A multidisciplinary team including endocrinologist, neurosurgeon, intensivist and neuro-ophthalmologist are required for the optimal care of PA with a proper management strategy that depends on the clinical manifestations. In patients with severe or progressive impairment of the consciousness, visual acuity or the visual fields, prompt surgical decompression may lead to the neurological or visual recovery in most of the cases (43). Patients with mild, stable clinical condition including those with isolated ocular palsies can be managed conservatively with stress doses of steroids and support of fluid and electrolyte balance in most cases (60). Frequent reassessment in ICU setting is mandatory because clinical conditions can deteriorate unpredictably (60). In that case, timely planned surgery can be beneficial, especially in terms of visual outcome. Irrespective of the treatment option, the pituitary hormonal function is less favorable with many patients remaining on long-term hormone replacement therapy (60). However, clear proof of optimal outcomes in the form of randomized controlled trials is lacking.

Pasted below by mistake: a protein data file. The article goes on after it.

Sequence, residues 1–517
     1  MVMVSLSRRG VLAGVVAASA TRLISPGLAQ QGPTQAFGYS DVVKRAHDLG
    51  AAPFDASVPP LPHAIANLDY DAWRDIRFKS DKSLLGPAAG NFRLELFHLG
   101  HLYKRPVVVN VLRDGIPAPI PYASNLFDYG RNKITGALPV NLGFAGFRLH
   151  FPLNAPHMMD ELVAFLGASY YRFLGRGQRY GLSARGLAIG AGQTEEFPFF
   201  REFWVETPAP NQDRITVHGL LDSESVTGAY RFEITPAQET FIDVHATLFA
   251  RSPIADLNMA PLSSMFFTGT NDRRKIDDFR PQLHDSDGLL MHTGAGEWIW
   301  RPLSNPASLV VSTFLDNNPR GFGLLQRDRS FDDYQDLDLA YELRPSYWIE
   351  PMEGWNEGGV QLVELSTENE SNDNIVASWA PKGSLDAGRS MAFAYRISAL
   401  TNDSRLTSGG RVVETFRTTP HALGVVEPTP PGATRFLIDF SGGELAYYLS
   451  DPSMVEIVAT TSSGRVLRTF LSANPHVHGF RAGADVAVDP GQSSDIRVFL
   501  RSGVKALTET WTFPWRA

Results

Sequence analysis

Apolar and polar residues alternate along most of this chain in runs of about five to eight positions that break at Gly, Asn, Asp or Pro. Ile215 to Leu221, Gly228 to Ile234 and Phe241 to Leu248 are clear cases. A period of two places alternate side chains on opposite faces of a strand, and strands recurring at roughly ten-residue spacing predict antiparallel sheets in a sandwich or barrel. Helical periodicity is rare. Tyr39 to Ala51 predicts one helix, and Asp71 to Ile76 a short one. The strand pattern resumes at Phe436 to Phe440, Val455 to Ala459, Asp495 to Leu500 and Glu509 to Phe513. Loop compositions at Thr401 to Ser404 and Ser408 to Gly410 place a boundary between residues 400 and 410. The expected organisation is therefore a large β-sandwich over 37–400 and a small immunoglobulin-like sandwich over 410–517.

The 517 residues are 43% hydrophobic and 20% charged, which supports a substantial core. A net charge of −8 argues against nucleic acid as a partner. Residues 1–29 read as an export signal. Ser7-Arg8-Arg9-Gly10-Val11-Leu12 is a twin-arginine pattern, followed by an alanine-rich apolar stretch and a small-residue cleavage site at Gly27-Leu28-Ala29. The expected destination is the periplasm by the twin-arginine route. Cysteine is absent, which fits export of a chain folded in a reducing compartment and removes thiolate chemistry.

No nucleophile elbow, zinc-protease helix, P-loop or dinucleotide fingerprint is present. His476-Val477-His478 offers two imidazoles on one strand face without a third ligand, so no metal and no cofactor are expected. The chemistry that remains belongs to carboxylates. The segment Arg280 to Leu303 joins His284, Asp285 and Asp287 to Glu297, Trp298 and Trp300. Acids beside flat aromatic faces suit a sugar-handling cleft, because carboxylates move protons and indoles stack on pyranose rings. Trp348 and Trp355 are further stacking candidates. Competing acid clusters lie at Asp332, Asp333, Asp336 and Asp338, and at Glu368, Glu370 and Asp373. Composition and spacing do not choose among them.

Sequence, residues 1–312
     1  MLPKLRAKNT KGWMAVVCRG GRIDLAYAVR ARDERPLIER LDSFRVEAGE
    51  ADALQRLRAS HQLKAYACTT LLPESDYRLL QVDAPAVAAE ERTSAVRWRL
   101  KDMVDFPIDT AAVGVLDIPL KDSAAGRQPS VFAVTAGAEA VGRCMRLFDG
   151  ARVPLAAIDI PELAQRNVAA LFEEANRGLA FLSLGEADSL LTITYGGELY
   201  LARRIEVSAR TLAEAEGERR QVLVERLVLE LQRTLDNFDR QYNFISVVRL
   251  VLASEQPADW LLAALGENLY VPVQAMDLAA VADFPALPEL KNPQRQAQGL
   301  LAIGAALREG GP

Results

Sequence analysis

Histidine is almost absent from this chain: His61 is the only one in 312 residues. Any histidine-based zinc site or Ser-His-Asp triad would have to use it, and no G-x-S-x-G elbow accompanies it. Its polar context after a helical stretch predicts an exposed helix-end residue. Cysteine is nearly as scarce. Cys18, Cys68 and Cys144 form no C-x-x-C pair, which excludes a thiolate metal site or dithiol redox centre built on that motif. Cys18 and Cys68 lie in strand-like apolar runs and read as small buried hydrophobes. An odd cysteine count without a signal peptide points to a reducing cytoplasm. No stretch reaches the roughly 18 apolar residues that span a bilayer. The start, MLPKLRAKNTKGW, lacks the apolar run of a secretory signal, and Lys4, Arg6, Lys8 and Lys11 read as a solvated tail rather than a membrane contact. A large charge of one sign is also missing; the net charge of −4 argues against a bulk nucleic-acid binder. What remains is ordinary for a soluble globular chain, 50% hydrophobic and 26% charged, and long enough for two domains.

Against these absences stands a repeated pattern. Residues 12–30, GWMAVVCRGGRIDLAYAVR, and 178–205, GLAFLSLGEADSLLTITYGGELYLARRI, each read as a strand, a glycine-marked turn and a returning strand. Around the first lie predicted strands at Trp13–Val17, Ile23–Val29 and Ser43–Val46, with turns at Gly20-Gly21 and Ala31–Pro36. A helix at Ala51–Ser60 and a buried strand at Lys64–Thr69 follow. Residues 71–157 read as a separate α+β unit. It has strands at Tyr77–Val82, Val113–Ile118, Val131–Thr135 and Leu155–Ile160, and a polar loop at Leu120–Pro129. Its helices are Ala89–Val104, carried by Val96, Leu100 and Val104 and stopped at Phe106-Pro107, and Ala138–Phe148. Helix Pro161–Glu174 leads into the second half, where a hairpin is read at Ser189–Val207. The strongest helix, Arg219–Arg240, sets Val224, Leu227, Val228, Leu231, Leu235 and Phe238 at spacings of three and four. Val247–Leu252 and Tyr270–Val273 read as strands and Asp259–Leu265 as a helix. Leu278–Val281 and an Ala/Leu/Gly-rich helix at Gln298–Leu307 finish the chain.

Role of imaging in therapy and follow-up
The role of imaging in the decision-making process for a proper therapy is still debatable as surgical or conservative treatment decisions are made on the basis of severity of the clinical condition (60). However, serial MRI can predict the evolution of PA in patients with mild symptoms who can be safely managed conservatively (43). Recurrent PA has been reported with both conservative and surgical treatment approaches, without a significant incidence difference between these groups (43,61). The pre-existing adenoma may regrow after PA and then might re-bleed (42). In those patients treated conservatively, an incidence of tumor regrowth after bleeding ranges from 6% to 90% that necessitates the need of clinical and radiological follow-up 3–6 months after PA and every year for at least 5 years (43,61).
PA is a potentially life threatening medical emergency and imaging is important to rule out other clinical mimics. Though, CT imaging is the most common initial study during the acute onset PA symptoms, MRI having better sensitivity should always be performed in acute and subacute phase of PA. Although MRI can play a crucial role in the conservative management, more studies are still needed to define its role in decision-making between surgical vs. conservative management. MRI should be considered in the follow-up of these patients.
Conflicts of Interest: The authors have no conflicts of interest to declare.